Release: New consumer guide warns against use of ‘medical credit cards’

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WASHINGTON — As the cost of health care rises, many patients are signing up for “medical credit cards.” While these financial instruments may seem like a simple way to pay medical bills, many people offered these cards may have better options, including qualifying for financial assistance or a low- or no-cost payment plan.

U.S. PIRG’s new guide, A bad deal: Why you don’t want (medical credit) cards in your hand released in conjunction with comments submitted to a federal request for information (RFI) on the topic, explains why and how medical credit cards — which are often offered in hospitals or doctors’ offices — can add to an already-expensive bill. The guide also suggests alternative steps patients can take to lower or pay off their medical debt.

“We have to put an end to the peddling of medical credit cards in health care settings. When offered in a doctor’s office, or a hospital, patients might not be in the best state to make a decision about signing up for a high interest card,” said U.S. PIRG’s Senior Director of Health Care Campaigns Patricia Kelmar. “MDs have the expertise to prescribe drugs — not financial advice. You wouldn’t go to an investment banker for a medical diagnosis. Evidence shows that medical credit cards can worsen debt and even lead to bankruptcy. And your provider or hospital can’t cure that.” 

The guide shows a review of Oregon bankruptcy filings found the single most-frequently listed medical debt holder was CareCredit from Synchrony Bank. Across 1,037 filings, people owed a total of more than $2 million to CareCredit, with a median debt per bankruptcy filer of $1,443.

Because the cards offer deferred interest for a short time, patients can easily fall for the promise of a quick solution to paying medical bills. But these cards often charge higher interest rates than other credit cards. Other strict terms and conditions, such as retroactive interest and high late fees, can result in the patient owing more than if they used a regular credit card or set up a payment plan with their health care provider.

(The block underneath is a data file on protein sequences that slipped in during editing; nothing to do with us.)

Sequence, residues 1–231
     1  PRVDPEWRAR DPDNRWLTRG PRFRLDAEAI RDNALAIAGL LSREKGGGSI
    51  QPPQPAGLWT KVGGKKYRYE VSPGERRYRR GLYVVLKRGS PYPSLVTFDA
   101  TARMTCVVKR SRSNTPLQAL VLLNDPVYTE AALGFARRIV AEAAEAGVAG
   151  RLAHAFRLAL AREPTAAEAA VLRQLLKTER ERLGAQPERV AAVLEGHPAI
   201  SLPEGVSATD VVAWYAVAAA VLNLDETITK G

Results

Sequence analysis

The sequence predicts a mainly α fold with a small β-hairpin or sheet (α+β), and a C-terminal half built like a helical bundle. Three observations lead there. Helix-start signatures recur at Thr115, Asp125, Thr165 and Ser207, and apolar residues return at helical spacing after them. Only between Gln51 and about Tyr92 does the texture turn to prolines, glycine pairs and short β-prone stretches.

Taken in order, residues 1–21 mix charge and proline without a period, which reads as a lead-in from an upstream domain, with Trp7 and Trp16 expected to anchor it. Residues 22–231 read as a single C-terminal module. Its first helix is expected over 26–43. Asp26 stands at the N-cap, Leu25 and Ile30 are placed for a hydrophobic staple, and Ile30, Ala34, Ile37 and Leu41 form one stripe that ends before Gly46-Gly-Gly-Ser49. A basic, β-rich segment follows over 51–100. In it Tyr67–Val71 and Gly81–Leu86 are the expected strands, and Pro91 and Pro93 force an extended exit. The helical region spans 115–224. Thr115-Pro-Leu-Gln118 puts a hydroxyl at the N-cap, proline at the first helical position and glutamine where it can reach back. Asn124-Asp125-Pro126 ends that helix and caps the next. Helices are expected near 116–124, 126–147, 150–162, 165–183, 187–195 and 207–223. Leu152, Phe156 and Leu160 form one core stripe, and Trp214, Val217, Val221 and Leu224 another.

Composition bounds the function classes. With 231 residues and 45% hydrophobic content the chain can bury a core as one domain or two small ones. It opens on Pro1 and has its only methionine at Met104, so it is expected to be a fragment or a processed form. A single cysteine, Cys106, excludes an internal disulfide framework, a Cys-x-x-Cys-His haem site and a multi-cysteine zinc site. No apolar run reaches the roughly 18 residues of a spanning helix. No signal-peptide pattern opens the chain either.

“The predatory terms of these financial products exacerbate the cost to the patient down the road. Patients need to know that they have other solutions available to them,” said Kelmar. 

This guide recommends some of those other solutions — some of which hospitals are legally required to provide:

  • Verify your bill. Medical bills are compiled by people and people make mistakes. Always ask for an itemized bill and make sure it only includes services you received.
  • Ask about and apply for financial assistance. Federal law requires nonprofit hospitals to offer some patients free or discounted care. Be persistent in asking for the financial help you need.
  • Ask to be put on a payment plan. Most hospitals and other providers will let you pay in installments, and at a much lower interest rate than any credit card will offer. Explain your financial situation and find a payment solution that works for you and your provider. 
  • Negotiate. Ask what the provider’s typical Medicare rate is and ask to pay that lower amount. You may be able to get a discount if you explain your financial limitations.

U.S. PIRG warns that people who can’t pay off their regular credit card bill every month should not put their medical bills on one. When a bill is a medical debt owed to a provider, not debt owed to a bank, people have more consumer protections. 

The  “tri-agencies” — the Treasury Department, Health and Human Services Department and the Consumer Financial Protection Bureau — will ponder comments from the RFI as they develop regulations for medical credit cards.

“We urge the tri-agencies to move swiftly from this RFI to a rule-making,” said Kelmar. “We have enough information about high health care prices and patients’ desperation for a quick fix to pay those bills.”